Share Your Stories

Nothing brings people closer to you than the stories you tell. Stories of success, of failure, of the brave, the beaten down. Of puppies saved, of scholarships won. After you clear away all the talk, it’s the raw human/puppy interest stories that move your people and bring them closer to your cause.

You can also make great strides in cementing relationships by soliciting stories. It might be involvement with your group or with the overarching challenges, but unfiltered stories from the front are powerful, authentic, and highly sharable.

Be Simple to Join and Share

To help grow your overall community and spread the word about your cause and organization, make it easy for your customers to connect with you and with others. Use the highly recognizable social media sharing icons on your website. If someone likes your article, video, picture, you want that content to be one easy click away from being shared with the world. And most importantly, with the world by way of the person who is passionate about your cause. That authentic endorsement is the most powerful one you can get.

Don’t Neglect Them

Don’t begin mobilizing your community until you are willing to commit to the work; consistent commitment is required to ensure the relationships survive and thrive. Start slow with what you can manage, be it a weekly Facebook post or a daily tweet. Building slowly and being consistent is far better than starting strong and fading.

Ask for Help!

Whether it’s for a special donation, a reoccurring donation, for volunteers, for contacts, for sharing content, for providing content, ask you community to get behind you. Not only does it make sustaining and furthering your work possible, it also further cements the relationship.

Volunteers become contributors, donors become board members, board members solicit foundations on your behalf, and so on. You never know what’s out there until you ask. Every nonprofit has an amazing story or three about a huge donation or bequeath or opportunity that emerged from a source who was previously unknown.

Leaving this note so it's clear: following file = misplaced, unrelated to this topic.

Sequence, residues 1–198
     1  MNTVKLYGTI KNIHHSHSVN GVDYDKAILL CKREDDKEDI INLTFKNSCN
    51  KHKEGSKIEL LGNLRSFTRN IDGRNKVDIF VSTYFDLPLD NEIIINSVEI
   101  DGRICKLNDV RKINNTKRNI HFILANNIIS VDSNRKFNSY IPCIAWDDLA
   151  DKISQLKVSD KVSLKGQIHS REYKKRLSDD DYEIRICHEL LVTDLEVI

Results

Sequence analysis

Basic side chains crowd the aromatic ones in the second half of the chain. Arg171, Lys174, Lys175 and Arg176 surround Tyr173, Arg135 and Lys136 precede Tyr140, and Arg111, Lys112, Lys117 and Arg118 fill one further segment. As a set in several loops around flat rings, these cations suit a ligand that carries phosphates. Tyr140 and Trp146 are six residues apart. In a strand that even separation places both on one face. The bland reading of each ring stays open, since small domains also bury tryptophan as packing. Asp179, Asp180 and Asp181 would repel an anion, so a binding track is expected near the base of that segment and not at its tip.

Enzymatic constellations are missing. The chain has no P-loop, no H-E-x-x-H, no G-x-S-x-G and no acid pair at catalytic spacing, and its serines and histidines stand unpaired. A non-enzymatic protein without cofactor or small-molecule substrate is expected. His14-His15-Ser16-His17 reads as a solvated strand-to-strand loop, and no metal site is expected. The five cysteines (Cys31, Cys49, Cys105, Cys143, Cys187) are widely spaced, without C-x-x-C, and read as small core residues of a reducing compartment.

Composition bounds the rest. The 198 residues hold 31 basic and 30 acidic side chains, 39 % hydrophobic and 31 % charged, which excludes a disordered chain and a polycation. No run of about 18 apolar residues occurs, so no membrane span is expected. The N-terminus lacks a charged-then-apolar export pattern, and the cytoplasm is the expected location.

Suzie has a job and a family and lives halfway across the country from your location, and she can’t be on the frontlines but Suzie is passionate about saving the baby seals from the seagulls and by helping your organization in some small way, she can actually make a difference from where she is and that’s an amazing opportunity for her. By asking her to help, you are giving her a great gift and that’s going to be her perspective as well.

Don’t hesitate, ask!


The goal of all this hard work is to build up a group of individuals into a team of brand ambassadors for your organization and for your cause. From casual interest and minimal interaction can come surges of growth based on leveraging the passion, creativity, wealth, and contacts of all these people now pulling together for the first time.

A global team of digerati with offices in Washington, D.C. and Southern California, we provide digital strategy, digital marketing, web design, and creative for brands you know and nonprofits you love.